If you're the type of literature-loving pop culturalist who likes to read a story before you see it on the big screen, you should clear some space ASAP in your schedule for "Love and Other Foreign Words."
Hollywood has been drooling over this smart new YA romance since way back in 2012, with movie rights snapped up nearly two years before it was set to release. And with the book finally hitting shelves next week, MTV News checked in with author Erin McCahan to get some inside dirt on what to expect from the novel, why contemporary teen love stories are such a hot ticket right now, and which celebs she wants to see bringing her characters to life on the big screen.
"Love and Other Foreign Words" centers on Josie, a linguistically inclined teenager who thinks of every social group as though it's a foreign country: one with its own customs, culture, and most importantly, language.
But where Josie has learned to be fluent in a host of social languages, she still doesn't understand love — which is a problem, because her older sister, Kate, is about to get married to a guy so atrocious that Josie just knows she's making a terrible mistake.
Needless to say, Josie is a fresh kind of character in an oeuvre that's been dominated lately by tough-girl actionistas — and she's not out to compete with them, either.
"I love the action-hero girls we're seeing now in a lot of YA, especially the characters who employ their wits along with specific physical skill sets," McCahan confessed via email. "But there will never be Josie Sheridan action figures. If she ever got her hands on a bow or a wand, I'm pretty sure she'd just end up hurting herself."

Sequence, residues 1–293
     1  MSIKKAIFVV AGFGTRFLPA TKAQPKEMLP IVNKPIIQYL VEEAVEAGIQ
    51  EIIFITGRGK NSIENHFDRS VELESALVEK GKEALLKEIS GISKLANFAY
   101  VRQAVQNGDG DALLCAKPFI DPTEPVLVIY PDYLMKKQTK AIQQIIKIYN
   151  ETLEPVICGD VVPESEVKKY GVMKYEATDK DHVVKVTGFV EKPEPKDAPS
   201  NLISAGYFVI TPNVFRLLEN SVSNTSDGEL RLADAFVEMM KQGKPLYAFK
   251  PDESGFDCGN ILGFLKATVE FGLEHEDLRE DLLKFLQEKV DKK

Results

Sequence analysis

Instead, Josie faces challenges that will be familiar to anyone who's ever been in high school... or out of it. For McCahan, the idea for the story's concept stemmed from her own experience at a bridal shower where everyone — everyone except her, that is — was going hog-wild over a set of designer drinking glasses.
"The woman actually pulled one of the glasses out of the box and presented it to us as if it were a rare jewel, and this group collectively thrilled to it the way crowds thrill to fireworks," McCahan continued. "And it was all in English, but it was a foreign language to my ears.
"I could have learned the language of designer drinking glasses if I had wanted to. But no one is ever fully herself in a foreign language. I've thought about this ever since then, and I found myself wishing I had known this in high school, and I began wondering, 'Well, what if I had?'"
Meanwhile, "Love and Other Foreign Words" can be counted as part of a growing trend toward more contemporary, realistic YA romance, which then find a second audience in moviegoers who like their love stories relatable.
And on the heels of films like "The Spectacular Now" and "The Fault in Our Stars," this book is perfectly positioned to make a splash on screen. The bad news: McCahan can't reveal details about the state of the movie's development. But if anyone asks, she has some inspired ideas for its cast.
For Josie, she's quick to suggest Mia Wasikowska, "who is one of those women who will never age. She's not going to look 30 until she's 80."
And for Josie's best friend Stu, a casting pick that takes us over the line from cinema to performance art: "One Direction. They could just take turns filling the role and faking an American accent."
"Love and Other Foreign Words" is available for pre-order now, and will be in bookstores May 1.